Painless lumps in the neck, underarms, stomach, or groin
Red or purple spots under the skin
Easy bruising or bleeding—including bleeding of the gums or nose
Fever, tiredness, weakness, and paleness
Problems breathing and chest pain
Loss of hunger and weight loss
Bone or joint pain
The doctor will ask about your symptoms and health history. A physical exam will be done. The doctor will check for swelling of the liver, spleen, or lymph nodes. You may be referred to a cancer doctor.
Tests will be done to look for abnormal cells. They may include:
Bone marrow aspiration and biopsy—to remove and test a sample of bone marrow
—to test the fluid around the brain and spinal cord for cancer
The doctor may do more tests to learn about the leukemia. These tests will help guide treatment. Tests may include:
Cytogenetic analysis—to look for problems with genes
Immunophenotyping—to check the type of leukemia
Imaging tests to check bodily structures, including:
Acute myeloid leukemia (AML). American Cancer Society website. Available at: https://www.cancer.org/cancer/acute-myeloid-leukemia.html. Accessed January 8, 2018.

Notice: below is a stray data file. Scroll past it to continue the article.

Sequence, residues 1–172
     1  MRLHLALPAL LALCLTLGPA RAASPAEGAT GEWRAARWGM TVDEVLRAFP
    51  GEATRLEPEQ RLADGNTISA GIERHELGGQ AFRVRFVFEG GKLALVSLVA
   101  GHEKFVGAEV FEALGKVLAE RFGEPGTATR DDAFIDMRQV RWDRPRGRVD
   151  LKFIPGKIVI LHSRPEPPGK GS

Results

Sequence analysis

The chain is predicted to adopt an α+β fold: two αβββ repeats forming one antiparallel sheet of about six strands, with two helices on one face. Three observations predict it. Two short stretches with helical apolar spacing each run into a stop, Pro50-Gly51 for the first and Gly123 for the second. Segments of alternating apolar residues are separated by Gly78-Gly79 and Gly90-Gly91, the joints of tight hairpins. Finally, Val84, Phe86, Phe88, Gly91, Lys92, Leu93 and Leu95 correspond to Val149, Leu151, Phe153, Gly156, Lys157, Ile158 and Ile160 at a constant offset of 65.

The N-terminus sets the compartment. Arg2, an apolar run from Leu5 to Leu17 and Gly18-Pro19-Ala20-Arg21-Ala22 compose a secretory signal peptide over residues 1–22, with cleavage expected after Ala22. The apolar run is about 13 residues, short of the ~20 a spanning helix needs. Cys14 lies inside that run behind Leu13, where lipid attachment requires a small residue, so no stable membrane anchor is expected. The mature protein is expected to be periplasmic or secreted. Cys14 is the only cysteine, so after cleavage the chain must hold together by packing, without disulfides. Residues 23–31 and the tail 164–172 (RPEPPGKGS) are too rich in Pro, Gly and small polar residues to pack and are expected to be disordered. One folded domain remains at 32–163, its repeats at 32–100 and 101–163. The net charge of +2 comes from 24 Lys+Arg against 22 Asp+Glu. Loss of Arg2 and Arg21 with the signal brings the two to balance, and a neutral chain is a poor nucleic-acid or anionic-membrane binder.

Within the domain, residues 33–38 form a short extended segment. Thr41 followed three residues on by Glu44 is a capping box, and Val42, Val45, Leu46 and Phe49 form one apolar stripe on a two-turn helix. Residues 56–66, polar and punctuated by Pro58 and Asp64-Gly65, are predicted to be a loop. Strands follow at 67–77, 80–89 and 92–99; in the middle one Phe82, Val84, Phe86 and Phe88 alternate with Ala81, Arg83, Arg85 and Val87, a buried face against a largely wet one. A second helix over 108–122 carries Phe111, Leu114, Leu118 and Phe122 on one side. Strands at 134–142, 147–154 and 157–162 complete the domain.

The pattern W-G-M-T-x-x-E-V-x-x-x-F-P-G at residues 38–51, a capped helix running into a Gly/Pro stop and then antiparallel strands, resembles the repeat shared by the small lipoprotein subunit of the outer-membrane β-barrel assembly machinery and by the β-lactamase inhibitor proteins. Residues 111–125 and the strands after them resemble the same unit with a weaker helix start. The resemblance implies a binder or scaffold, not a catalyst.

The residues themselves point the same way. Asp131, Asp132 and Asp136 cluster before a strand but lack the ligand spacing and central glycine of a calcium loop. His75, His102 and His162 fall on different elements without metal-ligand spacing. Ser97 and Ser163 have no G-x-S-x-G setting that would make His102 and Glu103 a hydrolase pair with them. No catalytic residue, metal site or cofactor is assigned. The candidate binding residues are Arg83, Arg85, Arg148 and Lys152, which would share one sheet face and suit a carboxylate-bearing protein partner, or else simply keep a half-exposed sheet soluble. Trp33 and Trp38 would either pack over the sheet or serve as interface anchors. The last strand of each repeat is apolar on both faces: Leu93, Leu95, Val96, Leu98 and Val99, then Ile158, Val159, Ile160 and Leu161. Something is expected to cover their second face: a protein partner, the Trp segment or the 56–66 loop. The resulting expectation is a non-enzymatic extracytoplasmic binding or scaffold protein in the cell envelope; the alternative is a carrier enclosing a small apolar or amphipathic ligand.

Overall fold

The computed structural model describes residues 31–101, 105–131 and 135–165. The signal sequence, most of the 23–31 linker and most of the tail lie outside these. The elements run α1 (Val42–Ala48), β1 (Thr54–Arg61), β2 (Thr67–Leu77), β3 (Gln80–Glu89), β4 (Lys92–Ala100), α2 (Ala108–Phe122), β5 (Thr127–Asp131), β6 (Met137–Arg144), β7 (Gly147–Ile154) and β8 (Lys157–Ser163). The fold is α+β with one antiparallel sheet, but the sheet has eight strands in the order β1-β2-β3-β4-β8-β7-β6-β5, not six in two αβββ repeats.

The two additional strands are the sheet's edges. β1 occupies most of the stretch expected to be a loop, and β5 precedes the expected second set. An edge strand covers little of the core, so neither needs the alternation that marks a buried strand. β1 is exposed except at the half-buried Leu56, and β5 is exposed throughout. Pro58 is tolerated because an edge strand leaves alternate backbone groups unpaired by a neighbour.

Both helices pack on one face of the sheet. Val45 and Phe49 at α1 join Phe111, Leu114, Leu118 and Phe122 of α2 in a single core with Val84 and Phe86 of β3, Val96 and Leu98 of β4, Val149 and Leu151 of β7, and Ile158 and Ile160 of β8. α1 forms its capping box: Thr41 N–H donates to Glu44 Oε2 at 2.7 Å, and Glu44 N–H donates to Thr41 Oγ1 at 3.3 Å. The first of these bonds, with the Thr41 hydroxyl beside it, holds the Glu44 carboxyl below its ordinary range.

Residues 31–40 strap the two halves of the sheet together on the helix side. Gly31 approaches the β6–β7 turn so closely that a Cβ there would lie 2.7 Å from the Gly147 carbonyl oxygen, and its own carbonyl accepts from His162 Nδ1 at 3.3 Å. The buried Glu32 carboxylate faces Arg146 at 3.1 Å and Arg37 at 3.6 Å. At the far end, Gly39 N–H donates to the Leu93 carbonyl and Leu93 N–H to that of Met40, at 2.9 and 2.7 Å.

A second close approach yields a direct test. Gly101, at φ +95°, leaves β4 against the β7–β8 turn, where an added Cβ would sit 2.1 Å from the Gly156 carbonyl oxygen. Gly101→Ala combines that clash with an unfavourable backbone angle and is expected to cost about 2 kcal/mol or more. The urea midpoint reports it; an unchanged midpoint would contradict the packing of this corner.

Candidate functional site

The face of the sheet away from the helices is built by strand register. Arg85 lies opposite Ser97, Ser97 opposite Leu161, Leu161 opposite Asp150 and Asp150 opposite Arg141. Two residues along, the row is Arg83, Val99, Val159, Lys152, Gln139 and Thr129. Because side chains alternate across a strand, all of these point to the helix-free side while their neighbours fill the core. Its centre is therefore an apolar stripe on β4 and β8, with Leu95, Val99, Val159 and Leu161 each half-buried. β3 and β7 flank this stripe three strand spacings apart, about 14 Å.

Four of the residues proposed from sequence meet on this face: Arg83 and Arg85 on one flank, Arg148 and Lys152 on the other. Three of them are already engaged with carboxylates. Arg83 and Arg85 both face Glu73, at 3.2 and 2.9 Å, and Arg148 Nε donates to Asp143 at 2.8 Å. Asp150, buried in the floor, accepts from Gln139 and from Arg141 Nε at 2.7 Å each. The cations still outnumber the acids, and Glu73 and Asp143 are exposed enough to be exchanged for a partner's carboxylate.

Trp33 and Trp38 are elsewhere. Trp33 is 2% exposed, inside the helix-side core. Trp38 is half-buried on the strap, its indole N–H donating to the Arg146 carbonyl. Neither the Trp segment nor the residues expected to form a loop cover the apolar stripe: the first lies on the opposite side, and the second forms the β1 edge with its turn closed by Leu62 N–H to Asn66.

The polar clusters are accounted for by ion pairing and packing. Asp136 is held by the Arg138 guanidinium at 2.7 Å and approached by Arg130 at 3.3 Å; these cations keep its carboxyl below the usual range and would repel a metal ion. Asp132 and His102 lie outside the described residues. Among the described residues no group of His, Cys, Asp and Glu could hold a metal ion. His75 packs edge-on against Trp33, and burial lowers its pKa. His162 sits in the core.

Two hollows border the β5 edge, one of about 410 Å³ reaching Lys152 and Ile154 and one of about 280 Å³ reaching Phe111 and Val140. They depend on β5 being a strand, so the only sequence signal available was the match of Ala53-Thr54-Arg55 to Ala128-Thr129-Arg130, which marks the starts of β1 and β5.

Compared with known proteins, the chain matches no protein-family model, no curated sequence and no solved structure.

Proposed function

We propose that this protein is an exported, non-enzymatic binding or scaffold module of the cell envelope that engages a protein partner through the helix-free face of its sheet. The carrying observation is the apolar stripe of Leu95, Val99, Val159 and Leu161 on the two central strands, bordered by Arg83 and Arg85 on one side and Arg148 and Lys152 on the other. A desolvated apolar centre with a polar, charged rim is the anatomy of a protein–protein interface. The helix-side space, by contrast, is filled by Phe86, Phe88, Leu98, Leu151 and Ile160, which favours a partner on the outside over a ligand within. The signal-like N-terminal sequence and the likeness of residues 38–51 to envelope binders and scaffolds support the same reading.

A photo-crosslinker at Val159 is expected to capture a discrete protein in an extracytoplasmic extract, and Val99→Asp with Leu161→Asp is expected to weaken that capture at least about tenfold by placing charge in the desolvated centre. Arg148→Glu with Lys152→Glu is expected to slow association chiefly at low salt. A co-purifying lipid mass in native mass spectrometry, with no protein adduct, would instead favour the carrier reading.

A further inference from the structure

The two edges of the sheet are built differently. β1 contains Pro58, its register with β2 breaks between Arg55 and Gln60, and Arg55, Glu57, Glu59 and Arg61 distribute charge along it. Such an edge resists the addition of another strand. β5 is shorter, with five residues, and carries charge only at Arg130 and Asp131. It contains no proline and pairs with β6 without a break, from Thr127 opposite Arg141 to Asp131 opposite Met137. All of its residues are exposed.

Acute myeloid leukemia (AML). EBSCO DynaMed website. Available at: https://www.dynamed.com/condition/acute-myeloid-leukemia-aml . Accessed March 21, 2021.
General information about adult acute myeloid leukemia. National Cancer Institute website. Available at: https://www.cancer.gov/types/leukemia/patient/adult-aml-treatment-pdq. Accessed March 21. 2021.
General information about childhood acute myeloid leukemia and other myeloid malignancies. National Cancer Institute website. Available at: https://www.cancer.gov/types/leukemia/patient/child-aml-treatment-pdq. Accessed March 21, 2021.
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